This sounds like letting Amazon off the hook for having a business model that is immensely wasteful and probably polluting (as some of what’s reported being disposed is electronics, for example). They’re not obliged to be an open third-party market, and those third-party sellers aren’t obliged to get to foist goods into warehouses and let them sit there. If it’s unacceptable (and it seems to me it is), and it’s Amazon that’s not only making the decision to trash this stuff but also the one whose business makes it possible in the first place–oh, and also they’re the ones making record-setting profits while doing it–we should probably focus on how Amazon can fix it.

(Personally, I don’t think they can fix it. Bigger scale operations are more wasteful and rely on a culture of disposability to function. Usually passing the negative side effects down to poor countries and communities.)

Yeah, this. I suspect that the amount/percentage of returned goods that were chucked rather than being repackaged has probably remained pretty constant over the years… it’s just that Amazon’s scale puts more of it in one place than ever before.

This assumes that donation sites want Amazon’s returns. The vast majority (80-90%) of donated clothing ends up in landfills, because Goodwill has limited inventory space just like everyone else.

I suspect a lot of Amazon non-clothing returns would meet the same fate. If so, then a donation from Amazon might cost more than it’s worth.

Eh… but running a third party market is a good thing, at least as far as I’m concerned. Amazon isn’t obligated to do so, but I’m glad that they do.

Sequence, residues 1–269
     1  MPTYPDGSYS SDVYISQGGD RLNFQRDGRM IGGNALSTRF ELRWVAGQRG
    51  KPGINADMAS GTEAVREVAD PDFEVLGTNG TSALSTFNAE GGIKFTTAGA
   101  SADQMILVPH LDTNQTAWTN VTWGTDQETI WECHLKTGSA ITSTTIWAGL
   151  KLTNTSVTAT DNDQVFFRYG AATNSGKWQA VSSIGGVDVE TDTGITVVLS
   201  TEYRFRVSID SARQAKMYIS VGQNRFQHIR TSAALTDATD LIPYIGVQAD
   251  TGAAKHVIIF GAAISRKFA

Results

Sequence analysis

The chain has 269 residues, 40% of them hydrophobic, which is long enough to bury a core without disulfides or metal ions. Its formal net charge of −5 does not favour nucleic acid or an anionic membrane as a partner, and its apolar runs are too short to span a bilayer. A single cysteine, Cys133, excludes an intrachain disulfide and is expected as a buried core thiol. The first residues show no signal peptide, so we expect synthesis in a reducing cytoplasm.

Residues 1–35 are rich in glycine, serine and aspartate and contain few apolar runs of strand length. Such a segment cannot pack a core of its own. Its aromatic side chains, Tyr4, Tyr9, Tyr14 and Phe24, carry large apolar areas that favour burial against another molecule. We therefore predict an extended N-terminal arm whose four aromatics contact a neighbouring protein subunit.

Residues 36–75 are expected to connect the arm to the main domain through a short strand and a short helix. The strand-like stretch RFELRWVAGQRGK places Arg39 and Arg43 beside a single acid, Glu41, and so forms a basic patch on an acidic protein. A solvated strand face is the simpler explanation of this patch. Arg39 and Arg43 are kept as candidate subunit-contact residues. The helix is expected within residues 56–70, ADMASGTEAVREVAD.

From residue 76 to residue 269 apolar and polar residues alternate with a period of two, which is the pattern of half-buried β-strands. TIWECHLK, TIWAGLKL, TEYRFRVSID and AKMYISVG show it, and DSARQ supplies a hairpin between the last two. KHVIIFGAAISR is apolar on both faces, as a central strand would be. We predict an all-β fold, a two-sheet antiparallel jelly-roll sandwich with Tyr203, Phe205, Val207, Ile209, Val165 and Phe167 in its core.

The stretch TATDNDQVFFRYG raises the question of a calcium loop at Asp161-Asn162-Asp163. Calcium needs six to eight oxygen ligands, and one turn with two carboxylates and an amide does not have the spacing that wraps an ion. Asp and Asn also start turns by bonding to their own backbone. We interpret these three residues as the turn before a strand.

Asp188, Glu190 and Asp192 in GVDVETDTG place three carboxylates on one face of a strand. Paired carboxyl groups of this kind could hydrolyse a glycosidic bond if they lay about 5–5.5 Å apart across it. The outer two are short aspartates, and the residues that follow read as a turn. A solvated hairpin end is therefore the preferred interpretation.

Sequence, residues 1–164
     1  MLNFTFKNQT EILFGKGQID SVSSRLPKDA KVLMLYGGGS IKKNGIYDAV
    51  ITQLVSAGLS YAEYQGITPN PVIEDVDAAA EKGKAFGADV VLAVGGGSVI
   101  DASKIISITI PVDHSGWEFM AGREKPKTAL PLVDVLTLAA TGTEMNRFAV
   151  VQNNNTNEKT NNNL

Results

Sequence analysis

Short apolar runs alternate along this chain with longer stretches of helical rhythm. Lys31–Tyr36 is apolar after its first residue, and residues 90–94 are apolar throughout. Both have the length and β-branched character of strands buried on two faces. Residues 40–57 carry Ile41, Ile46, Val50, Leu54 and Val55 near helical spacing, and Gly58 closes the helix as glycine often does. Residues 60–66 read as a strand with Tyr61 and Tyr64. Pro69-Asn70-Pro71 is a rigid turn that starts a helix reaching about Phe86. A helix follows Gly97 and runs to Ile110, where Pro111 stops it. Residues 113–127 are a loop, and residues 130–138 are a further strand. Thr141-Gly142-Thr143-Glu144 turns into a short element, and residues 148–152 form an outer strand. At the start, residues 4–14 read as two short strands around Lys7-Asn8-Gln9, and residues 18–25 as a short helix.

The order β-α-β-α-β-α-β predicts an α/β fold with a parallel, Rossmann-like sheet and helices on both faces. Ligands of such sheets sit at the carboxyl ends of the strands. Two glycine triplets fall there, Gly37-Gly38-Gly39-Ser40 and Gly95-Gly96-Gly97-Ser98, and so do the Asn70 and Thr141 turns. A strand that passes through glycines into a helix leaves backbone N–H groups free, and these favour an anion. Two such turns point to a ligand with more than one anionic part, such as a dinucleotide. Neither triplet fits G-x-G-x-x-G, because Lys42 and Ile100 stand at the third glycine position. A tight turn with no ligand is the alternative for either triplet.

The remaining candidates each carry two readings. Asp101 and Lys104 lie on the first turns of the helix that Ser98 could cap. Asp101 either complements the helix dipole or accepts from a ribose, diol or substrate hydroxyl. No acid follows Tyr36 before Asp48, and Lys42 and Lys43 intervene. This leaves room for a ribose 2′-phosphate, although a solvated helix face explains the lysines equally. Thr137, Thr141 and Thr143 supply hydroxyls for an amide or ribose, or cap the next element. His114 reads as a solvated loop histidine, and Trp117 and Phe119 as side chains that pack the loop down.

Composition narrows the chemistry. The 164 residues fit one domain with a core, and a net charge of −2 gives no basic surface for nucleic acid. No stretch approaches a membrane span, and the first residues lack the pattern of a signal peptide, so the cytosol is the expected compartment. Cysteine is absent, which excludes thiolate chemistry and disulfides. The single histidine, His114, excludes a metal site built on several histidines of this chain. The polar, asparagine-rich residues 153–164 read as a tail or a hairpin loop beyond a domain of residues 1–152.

Ya, this is probably the case.

However, it is possible that Amazon could actually use their logistical know-how to organize some effective way to get that stuff to poor people who could use it.

Now, doing this would almost certainly cost Amazon a bunch of money to set up, but if anyone could, they could. Of course, then we’d have folks attacking Amazon for competing with other charity organizations.

It might not be if this is an unavoidable side effect. That’s the point.

They won’t if it’s not profitable.

I think I read that at least some clothing like that gets boxed and shipped to various countries in Africa, where wholesalers bid on the unopened boxes, then the winning bidder resells the clothes in market stalls. I’ve seen the African end of that operation in several places. That doesn’t mean stuff doesn’t end up in land fills, but there’s a huge international market in discarded / used western clothing.

Eh, as I pointed out above, sometimes companies do stuff that’s not profitable, because of the PR value that doing such things has. Sometimes, “altruistic” things can be made to be profitable, with the right PR team.

You know, I think you’re right. A lot of articles on this topic cite the 80-90% figure, but that seems to refer to an EPA study on the fate of all clothing. The items that end up in donation boxes really do have a high probability of being exported.

As I’ve always suspected - those massive so-called “business intelligence” systems to learn customer buying patterns and detect anomalies are all bullshit.

Like Super Bowl or World Series stuff that has the wrong team on it. I have seen pictures of people in third world countries wearing such things.